I’m gonna tell you something. Most of my life I’ve been a snob. A music snob. I know, people like me can suck the fun out of a five-year-old’s birthday party. But I wasn’t always such a twisted killjoy. For a couple years of my life, between the tender ages of 11 and 13, I was a wide-eyed naïf, grooving to whatever late eighties R&B power ballad rap hits happened to come on the radio, and it all sounded pretty good to me. Sure, I should’ve known better—I grew up folk and blues and golden age rock and roll. But that was my parents’ music. To paraphrase Morrissey, it had nothing to say about my life.
No, in that excruciatingly earnest yet also oh-so painfully awkward way, the first band I believed spoke to me was INXS. Yes, that’s right, those ridiculous Aussie arena rockers whose tumble from cheesy to morbidly tawdry to Reality TV we all know so well. At 13, I was convinced that Michael Hutchence was my generation’s Jim Morrison. And so one night in March, dressed in a sleeveless INXS t‑shirt, ripped jeans and high-top sneakers, my hair teased into some kind of Prince-like pompadour, I told my parents I was going to a sleepover. Instead, I rode with a few neighborhood friends to the Patriot Center at George Mason University, the ticket I’d had a buddy’s older brother buy with the last of my paper route money tucked neatly into the fold of my black Velcro INXS wallet. I mounted the stairs to a section so high that our view of the stage looked like a Georges Seurat up close, all disorienting little colored dots.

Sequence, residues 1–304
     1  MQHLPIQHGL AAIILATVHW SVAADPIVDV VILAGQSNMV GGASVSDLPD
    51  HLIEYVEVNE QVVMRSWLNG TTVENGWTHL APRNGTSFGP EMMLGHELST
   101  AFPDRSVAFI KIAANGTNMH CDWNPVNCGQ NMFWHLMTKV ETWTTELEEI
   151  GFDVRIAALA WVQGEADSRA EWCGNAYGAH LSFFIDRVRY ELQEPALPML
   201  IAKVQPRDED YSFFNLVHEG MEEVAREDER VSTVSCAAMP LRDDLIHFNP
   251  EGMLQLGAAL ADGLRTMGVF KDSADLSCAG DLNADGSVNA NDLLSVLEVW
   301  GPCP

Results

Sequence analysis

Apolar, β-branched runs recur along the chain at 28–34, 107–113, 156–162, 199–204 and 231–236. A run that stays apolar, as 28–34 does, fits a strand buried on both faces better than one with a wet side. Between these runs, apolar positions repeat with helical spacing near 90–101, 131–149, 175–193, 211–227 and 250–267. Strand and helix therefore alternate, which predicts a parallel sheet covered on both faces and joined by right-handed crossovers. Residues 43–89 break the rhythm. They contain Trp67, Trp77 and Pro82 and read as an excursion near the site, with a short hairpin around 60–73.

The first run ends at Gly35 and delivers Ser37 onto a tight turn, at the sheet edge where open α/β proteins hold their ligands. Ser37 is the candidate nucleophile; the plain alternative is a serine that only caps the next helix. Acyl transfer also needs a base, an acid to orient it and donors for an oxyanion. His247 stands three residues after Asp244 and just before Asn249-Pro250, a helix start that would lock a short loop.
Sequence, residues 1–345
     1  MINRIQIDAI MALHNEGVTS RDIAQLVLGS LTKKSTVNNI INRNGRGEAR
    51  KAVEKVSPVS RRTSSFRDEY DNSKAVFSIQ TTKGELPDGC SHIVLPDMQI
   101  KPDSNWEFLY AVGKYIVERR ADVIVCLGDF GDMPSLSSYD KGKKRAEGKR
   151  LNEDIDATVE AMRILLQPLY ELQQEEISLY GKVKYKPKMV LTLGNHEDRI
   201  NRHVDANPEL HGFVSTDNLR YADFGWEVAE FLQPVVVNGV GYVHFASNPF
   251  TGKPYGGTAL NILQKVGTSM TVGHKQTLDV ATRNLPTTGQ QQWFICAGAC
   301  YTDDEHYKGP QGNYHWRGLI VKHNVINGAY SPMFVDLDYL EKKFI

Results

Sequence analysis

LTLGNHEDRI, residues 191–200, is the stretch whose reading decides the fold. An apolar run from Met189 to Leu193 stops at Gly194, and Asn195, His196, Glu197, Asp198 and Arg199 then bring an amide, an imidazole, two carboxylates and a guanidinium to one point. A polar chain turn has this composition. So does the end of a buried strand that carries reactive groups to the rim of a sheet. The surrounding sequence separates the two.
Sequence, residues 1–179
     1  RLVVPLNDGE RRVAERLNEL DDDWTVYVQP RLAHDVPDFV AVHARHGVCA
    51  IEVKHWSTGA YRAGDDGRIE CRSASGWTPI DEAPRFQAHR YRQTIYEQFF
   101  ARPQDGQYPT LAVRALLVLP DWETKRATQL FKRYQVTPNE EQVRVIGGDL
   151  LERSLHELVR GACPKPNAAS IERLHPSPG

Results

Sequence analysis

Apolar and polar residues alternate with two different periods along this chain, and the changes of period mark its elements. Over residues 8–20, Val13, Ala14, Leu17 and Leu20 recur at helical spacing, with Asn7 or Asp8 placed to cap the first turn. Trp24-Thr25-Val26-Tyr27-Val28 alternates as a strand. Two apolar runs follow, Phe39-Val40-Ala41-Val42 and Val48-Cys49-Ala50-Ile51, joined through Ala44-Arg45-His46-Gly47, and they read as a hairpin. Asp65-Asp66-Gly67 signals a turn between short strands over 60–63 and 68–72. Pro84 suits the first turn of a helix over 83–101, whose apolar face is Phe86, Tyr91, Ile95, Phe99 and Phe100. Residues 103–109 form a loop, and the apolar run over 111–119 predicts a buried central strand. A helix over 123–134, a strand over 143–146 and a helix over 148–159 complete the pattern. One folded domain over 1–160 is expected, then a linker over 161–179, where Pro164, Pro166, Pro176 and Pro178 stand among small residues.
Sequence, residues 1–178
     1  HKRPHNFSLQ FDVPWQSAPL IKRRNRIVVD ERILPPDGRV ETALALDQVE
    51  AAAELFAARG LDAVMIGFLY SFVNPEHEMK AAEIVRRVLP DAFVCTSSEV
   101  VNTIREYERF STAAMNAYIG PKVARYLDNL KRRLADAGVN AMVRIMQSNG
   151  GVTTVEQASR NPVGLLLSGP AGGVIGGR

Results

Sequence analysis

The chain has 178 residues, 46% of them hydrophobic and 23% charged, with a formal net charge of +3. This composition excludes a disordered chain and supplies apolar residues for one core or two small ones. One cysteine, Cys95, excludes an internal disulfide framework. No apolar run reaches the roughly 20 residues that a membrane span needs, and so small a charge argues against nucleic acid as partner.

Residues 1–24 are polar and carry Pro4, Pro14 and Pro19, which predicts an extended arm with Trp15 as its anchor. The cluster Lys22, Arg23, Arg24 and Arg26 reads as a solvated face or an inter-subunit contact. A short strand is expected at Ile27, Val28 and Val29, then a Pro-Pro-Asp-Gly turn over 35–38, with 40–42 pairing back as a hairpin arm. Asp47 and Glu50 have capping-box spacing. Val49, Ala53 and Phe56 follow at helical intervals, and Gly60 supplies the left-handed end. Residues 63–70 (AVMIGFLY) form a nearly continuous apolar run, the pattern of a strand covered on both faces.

But I was there, man, in the throng, in the thick of a rock and roll show, hearing the hits blare across acres of screaming heads. And it was magical. Not very long after, I would turn to harder stuff, become jaded and crusty and look back with disdain on the smooth sounds of INXS. But that feeling then… standing there amidst those crowds, almost everyone older than me, wobbling in the haze of surreptitious pot smoke and the slightly nauseating high of cheap beer drunk fast in an old muscle car… I had arrived. I told my parents about this years later, when the statute of limitations ran out. And they laughed. And so did I. Because, c’mon. It’s INXS. Then again, watching the footage above from 1988, the same year I saw them at 13, I have to admit that they don’t sound half bad. But goodness, those outfits. Probably for the best I couldn’t actually see them on the stage back then.
So there’s my story, readers, inspired by this Metafilter thread. Now that I’ve told you mine, please tell me yours. What was your very first concert? There’s no shame here, friends. Only nostalgia. Extra points to those who provide links to live concert footage.